Virtual reality expedition: origin of the Earth at the Paris Museum

The Natural History Museum located in Paris offers a fascinating exploration through continents and oceans, inviting visitors to dive into the depths of “Lost Worlds” and travel back in time to the era of dinosaurs over 3.5 billion years ago. This immersive three-dimensional experience transports viewers on an extraordinary journey to discover fascinating prehistoric creatures, offering a unique insight into the history of our planet.

Exploring paleontological universes through the 3D show “Lost Worlds”

An immersive dive into paleontological worlds is offered by the 3D show titled “Lost Worlds”. A journey of 3.5 billion years to explore the history of the Earth and its life forms.

“As soon as we arrive and put on the headsets, our brain has to adapt to the virtual environment, which can sometimes disrupt our perception of things. But quickly, we get into the game and truly feel like we are immersed in nature,” testifies a 13-year-old middle school student.

In a fraction of a second, visitors are reduced to a tiny size and propelled into a time tunnel. They are guided by an explorer and her robot Darwin. “We were able to observe the images of the Earth in full explosion. It was when the planet Mars collided with Earth, creating the moon,” recounts a 10-year-old visitor.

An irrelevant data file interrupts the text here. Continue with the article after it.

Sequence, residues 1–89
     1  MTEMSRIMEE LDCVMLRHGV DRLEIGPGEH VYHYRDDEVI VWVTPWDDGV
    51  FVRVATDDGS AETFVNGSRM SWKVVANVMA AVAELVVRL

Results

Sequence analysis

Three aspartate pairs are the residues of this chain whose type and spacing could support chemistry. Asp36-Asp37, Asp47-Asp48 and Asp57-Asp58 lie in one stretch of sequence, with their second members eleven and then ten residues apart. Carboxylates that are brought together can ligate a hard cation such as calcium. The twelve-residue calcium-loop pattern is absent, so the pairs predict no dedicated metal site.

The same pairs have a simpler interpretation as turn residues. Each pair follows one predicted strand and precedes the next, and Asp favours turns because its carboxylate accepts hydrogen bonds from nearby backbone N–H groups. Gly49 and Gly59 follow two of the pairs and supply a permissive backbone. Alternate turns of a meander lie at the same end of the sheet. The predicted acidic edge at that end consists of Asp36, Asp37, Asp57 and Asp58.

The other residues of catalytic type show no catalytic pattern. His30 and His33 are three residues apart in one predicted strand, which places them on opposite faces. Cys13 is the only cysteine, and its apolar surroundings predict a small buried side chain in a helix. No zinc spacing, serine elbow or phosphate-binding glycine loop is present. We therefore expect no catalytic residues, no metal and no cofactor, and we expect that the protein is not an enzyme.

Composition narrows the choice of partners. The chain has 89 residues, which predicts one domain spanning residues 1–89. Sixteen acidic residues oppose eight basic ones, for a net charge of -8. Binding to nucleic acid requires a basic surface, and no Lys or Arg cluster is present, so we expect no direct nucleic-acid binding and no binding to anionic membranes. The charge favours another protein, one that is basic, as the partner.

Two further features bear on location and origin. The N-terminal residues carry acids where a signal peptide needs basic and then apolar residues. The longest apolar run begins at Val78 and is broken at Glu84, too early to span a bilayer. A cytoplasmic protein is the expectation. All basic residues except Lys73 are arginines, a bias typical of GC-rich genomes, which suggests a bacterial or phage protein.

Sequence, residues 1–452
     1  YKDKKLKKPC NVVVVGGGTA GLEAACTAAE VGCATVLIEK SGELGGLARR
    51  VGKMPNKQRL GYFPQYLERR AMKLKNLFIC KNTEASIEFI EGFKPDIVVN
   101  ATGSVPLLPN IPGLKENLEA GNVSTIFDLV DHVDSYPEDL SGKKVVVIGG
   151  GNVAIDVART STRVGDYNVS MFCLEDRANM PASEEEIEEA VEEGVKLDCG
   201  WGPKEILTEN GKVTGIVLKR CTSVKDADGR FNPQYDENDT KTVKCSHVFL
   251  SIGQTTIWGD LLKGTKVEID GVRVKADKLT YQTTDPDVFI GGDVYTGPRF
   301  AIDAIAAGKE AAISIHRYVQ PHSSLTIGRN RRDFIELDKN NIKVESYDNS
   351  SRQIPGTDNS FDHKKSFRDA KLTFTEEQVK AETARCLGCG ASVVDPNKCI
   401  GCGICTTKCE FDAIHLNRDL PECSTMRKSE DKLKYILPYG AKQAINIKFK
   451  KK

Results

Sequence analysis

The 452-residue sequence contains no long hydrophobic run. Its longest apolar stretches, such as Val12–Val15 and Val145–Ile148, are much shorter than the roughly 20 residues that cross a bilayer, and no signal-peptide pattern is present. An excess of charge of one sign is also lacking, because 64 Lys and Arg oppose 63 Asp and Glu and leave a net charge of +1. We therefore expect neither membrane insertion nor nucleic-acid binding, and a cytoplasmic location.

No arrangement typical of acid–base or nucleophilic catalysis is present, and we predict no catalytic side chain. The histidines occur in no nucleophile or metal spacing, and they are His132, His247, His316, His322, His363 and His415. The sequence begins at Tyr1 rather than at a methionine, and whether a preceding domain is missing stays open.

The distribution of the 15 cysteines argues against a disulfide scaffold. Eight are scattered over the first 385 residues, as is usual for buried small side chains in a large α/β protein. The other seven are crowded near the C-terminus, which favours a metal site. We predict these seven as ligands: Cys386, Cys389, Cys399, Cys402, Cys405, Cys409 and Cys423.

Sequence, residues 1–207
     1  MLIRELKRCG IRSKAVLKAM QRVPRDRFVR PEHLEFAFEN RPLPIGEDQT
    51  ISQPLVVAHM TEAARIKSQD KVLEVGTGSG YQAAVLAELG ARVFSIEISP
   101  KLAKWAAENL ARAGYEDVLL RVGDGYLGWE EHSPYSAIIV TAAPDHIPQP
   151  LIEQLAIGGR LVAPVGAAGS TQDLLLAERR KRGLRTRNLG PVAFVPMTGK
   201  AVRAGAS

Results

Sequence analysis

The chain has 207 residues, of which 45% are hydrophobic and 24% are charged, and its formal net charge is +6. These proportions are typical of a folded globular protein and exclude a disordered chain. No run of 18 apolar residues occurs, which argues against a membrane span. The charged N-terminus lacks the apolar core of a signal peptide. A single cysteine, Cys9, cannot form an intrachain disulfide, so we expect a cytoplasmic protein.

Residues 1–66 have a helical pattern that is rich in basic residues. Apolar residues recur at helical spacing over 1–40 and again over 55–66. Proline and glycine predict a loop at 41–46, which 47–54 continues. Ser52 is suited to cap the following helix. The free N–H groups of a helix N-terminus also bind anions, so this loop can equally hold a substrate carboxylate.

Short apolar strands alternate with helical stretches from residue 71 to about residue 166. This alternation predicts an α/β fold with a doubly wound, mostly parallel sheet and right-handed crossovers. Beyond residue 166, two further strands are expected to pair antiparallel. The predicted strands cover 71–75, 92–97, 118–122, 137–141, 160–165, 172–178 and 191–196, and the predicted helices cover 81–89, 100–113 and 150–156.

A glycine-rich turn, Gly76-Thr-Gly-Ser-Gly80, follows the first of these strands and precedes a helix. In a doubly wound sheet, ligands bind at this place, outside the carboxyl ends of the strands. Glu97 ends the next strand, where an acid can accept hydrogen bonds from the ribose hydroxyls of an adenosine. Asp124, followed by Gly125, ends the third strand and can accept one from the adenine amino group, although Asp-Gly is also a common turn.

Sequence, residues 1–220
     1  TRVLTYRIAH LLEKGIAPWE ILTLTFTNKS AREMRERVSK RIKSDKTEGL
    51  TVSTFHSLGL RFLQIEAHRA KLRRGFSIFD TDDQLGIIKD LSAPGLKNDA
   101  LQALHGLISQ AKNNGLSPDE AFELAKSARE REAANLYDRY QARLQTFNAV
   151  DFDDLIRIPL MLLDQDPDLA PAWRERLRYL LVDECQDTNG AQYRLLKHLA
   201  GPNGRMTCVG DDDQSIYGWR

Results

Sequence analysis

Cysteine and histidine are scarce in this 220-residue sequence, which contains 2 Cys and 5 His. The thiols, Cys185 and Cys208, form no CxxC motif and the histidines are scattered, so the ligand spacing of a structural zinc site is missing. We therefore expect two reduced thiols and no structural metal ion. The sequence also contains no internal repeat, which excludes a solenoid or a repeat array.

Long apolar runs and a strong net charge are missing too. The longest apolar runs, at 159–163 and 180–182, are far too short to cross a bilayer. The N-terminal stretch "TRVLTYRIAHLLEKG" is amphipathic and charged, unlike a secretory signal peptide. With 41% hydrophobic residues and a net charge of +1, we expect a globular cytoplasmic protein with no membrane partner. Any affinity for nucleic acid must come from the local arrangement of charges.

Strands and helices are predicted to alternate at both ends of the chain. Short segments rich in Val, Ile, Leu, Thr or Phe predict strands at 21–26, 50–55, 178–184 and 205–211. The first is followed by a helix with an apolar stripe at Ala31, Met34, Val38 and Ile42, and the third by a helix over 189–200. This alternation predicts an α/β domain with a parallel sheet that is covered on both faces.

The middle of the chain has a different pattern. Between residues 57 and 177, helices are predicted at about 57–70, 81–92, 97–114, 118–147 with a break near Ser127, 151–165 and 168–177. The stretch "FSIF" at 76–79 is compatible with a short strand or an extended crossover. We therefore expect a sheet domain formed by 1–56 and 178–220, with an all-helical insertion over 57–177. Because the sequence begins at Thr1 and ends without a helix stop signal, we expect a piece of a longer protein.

Exploration of paleontological settings

In the 3D expedition, Lost Worlds, the visitor becomes a paleonaut, who through their journey through time, will discover the planet in unexpected ways. (MNHN)

The settings in which visitors are immersed are varied and realistic. They can explore natural, marine, underground, mountainous, and plant environments. The immersion is such that one would truly believe they are in the time of dinosaurs.

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We discover the beginnings of life in a mineral and desert setting of great realism. Our journey takes us to the Cambrian era, about 522 million years ago, marked by an explosion of life forms and a multitude of marine worms. We also discover the plants and the gigantism of insects from the Carboniferous period. Not to mention the Jurassic period, about 180 million years ago, with its archipelagos and shallow seas.

Visitors also have the opportunity to observe dinosaurs up close! “Yes, and we can even interact with them, although it’s in virtual reality. I particularly appreciated the attention to detail in the vegetation, the joy of seeing animals in action, while learning,” rejoices an 8-year-old Parisian. “I was fascinated by the presence of numerous Tyrannosaurus Rex and Velociraptors. I loved the small carnivorous dinosaurs hatching, they were so cute, I even petted one.”

Later on, visitors have the opportunity to come into contact with humans from the island of Flores… “They were small Cro-Magnon men, who greeted us with their language, an interesting gibberish. Their small size and their attempt to protect their camp from characters like us were both intriguing and impressive,” relates one of the participants.

The virtual reality expedition Lost Worlds is open until June 16 at the Gallery of Geology and Mineralogy of the Jardin des Plantes in Paris.

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